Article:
SAN FRANCISCO — California’s first public-private project got a $1.1 billion boost from the recently passed state budget, which will fund construction of a new six-lane roadway linking San Francisco and the Golden Gate Bridge.

The allocation for the Presidio Parkway Project will be paid out over the 30 years of the contract with the selected developer to cover milestone and availability payments. The lump sum ensures project completion will not be dependent on future allocations.

 “It is not a one-time allocation where they have to go to the Legislature next year and then ask for more money,” said Michael Bowman, a spokesman for the state’s Business, Transportation and Housing Agency. The budget “is basically saying this is specifically for Presidio.”

Procurement guidelines call for the chosen developer to be paid a $173 million milestone payment at the end of construction, with availability payments estimated by the California Department of Transportation to be between $1.13 billion and $1.38 billion in year-of-expenditure dollars over 30 years.

“While there has been much speculation and debate surrounding appropriations risks and the legality of availability payments, the governor and Legislature have now mitigated these risks by making sure that all monies needed to cover future obligations for the Presidio Parkway Project will be available when needed,” BTHA secretary Dale Bonner said in a statement.

San Francisco County Transportation Authority officials have said the point of using the P3 procurement is to off-load the risk of cost overruns and ensure proper maintenance of the new facility over time. The U.S. Department of Transportation has already provided $128 million in stimulus funds to the project.

Three bidders have submitted technical and financial proposals and the winner will be announced by the end of the month, according to Bowman. The three short-listed bidders are Golden Gate Access Group, Golden Link Partners, and Royal Presidio SF Partners.

CalTrans and the SFCTA will hold a public hearing on Oct. 21st regarding the project’s lease agreement.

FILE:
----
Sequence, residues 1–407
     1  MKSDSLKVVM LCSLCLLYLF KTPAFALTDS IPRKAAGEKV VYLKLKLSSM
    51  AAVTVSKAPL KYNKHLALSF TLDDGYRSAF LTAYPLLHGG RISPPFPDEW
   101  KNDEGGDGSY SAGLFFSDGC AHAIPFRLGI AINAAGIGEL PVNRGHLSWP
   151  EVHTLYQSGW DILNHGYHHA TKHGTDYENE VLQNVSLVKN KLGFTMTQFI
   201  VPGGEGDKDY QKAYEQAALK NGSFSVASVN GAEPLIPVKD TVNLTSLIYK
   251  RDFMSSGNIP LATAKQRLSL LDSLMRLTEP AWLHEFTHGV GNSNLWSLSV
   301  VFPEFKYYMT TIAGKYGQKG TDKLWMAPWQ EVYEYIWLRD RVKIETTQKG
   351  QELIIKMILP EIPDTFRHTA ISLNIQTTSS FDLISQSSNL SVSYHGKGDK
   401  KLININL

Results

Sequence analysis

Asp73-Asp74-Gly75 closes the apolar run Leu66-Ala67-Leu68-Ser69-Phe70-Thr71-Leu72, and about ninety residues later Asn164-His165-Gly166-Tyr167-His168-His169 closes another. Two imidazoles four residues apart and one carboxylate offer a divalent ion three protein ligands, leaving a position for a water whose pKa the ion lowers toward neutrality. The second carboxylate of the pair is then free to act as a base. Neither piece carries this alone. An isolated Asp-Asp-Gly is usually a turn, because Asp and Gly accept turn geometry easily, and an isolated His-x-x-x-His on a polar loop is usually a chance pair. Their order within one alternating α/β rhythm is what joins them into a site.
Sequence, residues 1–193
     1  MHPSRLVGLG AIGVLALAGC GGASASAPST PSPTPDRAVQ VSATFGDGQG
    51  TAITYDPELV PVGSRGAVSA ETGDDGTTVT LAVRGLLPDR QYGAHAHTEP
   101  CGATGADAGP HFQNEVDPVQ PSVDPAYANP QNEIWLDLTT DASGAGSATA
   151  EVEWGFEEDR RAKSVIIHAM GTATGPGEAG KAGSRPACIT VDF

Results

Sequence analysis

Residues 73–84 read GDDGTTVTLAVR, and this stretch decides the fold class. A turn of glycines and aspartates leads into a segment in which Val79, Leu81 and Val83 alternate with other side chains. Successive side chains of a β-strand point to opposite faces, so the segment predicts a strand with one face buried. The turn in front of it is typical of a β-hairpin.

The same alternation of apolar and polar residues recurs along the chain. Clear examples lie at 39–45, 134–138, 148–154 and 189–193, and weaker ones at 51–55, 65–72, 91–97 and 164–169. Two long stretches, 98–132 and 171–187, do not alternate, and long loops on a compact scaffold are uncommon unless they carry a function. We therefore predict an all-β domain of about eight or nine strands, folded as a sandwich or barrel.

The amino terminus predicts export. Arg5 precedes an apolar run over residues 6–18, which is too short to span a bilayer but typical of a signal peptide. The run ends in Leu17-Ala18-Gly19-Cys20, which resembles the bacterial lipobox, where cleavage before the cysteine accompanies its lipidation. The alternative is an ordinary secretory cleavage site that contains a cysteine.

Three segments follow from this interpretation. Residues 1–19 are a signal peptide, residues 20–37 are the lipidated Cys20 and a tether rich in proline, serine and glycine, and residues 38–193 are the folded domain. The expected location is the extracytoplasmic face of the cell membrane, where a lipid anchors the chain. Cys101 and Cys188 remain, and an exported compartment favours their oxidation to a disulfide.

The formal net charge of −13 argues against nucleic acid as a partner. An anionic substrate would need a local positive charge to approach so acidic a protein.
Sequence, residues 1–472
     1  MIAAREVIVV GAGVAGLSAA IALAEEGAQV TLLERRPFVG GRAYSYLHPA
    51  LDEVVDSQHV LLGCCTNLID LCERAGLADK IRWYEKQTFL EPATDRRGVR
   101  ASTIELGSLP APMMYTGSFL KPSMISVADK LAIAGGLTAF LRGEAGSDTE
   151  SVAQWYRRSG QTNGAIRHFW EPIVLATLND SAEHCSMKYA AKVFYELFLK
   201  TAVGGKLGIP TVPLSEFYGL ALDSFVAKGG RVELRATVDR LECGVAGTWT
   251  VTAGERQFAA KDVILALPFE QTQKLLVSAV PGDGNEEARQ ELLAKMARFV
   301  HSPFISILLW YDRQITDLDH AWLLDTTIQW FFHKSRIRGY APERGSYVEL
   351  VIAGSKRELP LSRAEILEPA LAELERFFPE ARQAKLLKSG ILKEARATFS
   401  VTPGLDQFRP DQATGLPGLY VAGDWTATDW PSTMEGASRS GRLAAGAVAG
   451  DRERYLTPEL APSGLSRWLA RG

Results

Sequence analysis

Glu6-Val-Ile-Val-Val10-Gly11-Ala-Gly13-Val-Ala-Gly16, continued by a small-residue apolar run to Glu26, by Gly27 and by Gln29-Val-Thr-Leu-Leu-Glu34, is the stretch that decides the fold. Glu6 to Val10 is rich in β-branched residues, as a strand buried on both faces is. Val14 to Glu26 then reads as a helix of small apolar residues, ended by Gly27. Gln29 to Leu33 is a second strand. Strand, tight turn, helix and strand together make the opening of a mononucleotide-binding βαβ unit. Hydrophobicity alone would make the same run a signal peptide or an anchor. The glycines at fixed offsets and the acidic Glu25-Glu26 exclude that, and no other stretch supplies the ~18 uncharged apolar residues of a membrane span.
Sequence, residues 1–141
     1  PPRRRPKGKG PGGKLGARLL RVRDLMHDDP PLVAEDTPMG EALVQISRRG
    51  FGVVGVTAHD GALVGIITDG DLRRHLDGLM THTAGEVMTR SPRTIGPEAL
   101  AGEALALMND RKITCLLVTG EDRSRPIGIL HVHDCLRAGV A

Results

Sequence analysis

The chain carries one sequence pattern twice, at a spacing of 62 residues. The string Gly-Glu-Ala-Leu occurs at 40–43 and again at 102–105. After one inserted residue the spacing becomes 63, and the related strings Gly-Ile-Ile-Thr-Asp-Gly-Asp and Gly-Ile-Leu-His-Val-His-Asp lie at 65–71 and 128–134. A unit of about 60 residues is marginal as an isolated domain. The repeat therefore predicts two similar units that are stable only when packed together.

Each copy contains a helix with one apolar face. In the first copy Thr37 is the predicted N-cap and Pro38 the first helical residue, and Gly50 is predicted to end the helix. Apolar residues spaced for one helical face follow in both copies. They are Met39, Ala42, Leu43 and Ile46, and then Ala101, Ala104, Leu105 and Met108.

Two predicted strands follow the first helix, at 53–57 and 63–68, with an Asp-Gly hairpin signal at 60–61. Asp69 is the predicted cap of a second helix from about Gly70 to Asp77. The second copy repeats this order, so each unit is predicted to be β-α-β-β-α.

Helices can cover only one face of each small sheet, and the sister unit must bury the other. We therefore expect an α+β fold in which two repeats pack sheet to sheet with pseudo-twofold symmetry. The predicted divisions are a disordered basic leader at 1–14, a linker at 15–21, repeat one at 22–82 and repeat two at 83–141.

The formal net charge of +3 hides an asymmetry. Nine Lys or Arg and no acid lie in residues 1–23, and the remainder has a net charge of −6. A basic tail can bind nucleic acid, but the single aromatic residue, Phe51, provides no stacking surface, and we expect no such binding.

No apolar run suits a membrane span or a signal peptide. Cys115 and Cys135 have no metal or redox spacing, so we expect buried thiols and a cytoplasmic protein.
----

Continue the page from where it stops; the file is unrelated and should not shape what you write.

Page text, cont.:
The U.S. DOT has called the project one of the largest, most complex and labor-intensive highway projects in the country. Twelve different funding sources — including federal, state, and local government monies — will finance the billion-dollar project.

The SFCTA is asking the DOT to make available $592 million of private-activity bond authority for the “design-build-finance-operate-maintain” project.

The new parkway will replace a 73-year-old, 1.5-mile portion of U.S. Highway 101 known as Doyle Drive, a key link from central San Francisco to the Golden Gate Bridge.

The drive will be replaced with a new six-lane parkway and a southbound auxiliary lane. The contract will also include operation and maintenance of all of the facilities.

The project has two major phases. The first one, which is underway, will upgrade the road to meet earthquake safety standards by late October 2011. The second phase will complete major construction and finish the project by spring 2014.

The new road will snake through the Presidio, a national park. Part of the project will also be to improve the environment, pedestrian and bicycle access at the park. The existing roadway, which handles 120,000 trips per day, does not meet structural standards and traffic regularly gets snarled there.

The Presidio Parkway would be the first project financed under legislation approved by state lawmakers in 2009, with the governor’s strong support, to facilitate greater use of P3 financing.

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